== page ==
For nearly 3,000 years since around 3,100 BC, Egypt held a polytheistic (multiple gods) belief system. Their sun god (variously called Amon, Re (Ra), or Aten), was considered greater than other Egyptian deity. Equally important was the Nile River. Which was Egypt's primary source of it's deep sense of order. Because of the regularity of the sun's daily cycle and the Nile's annual overflow, ancient Egyptians felt security.
Because of the sun's regular cycle of rising and setting, the ancient Egyptians perceived both the inevitability of death and the promise of birth. "The Hymn to the Aten," a song of praise probably accompanied rituals of renewal honoring Egypt's pharaoh, the divinely appointed representatives of the sun god. Depictions of such rituals have been found on the walls of Egyptian temples and tombs showing the pharaoh receiving the gift of immortality (in the form of the ankh, symbolizing "life") from Amon. In visual arts and poetry, the sun is exalted as the source of heat and light, and also as the proactive life force, the "creator of seed." The Hymn shows the optimism and security that the Egyptians felt. (Fiero, 19)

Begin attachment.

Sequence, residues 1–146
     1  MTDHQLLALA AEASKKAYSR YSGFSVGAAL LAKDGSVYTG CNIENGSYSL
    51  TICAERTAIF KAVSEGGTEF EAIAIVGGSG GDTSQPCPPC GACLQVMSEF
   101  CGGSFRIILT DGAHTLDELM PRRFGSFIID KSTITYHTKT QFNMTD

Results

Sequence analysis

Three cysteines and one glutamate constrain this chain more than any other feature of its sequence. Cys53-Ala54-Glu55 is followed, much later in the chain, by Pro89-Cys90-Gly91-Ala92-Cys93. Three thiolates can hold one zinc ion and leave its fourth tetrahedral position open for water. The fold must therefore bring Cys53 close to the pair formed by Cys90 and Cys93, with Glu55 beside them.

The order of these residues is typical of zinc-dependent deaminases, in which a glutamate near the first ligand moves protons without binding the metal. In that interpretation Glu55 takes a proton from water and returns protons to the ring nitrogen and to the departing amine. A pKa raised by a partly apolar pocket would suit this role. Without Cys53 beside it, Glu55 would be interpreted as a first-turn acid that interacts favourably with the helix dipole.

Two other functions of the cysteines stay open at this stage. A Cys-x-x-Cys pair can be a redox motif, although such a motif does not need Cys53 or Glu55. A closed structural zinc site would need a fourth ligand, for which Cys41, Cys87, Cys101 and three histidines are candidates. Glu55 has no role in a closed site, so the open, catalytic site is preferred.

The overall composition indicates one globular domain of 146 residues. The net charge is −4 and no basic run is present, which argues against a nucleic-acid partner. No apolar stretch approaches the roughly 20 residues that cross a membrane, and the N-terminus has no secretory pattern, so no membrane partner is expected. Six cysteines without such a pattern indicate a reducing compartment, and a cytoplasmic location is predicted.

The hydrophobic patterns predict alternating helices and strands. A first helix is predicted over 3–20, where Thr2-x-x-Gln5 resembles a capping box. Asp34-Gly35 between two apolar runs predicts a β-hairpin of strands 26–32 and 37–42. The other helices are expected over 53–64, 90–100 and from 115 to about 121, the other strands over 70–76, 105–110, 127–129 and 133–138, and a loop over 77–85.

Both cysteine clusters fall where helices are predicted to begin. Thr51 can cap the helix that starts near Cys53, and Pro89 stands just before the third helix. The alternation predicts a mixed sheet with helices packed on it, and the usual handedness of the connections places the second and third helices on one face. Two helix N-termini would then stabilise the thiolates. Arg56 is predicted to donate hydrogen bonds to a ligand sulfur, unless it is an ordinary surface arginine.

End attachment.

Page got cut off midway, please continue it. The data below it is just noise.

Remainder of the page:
The Egyptians identified the Nile River with Osirus, ruler of the underworld and god of the dead. (Fiero, 20) According the Egyptian myth, Osirus was slain and restored to life by his wife Isis, Queen of Heaven. The myth vividly describes the idea of resurrection that was central to the ancient Egyptian belief system. There were more than 2,000 local gods and goddesses that made up the Egyptian pantheon. (Fiero, 21)
Local rulers governed the Neolithic villages along the Nile River until about 3150 BC, when they were united under the authority Egypt's first pharaoh, Narmer (aka Menes). This important event of having unity of lower and upper Egypt is commemorated on a 2 foot high slate object known as the Palette of Narmer. Narmer's conquest initiated...
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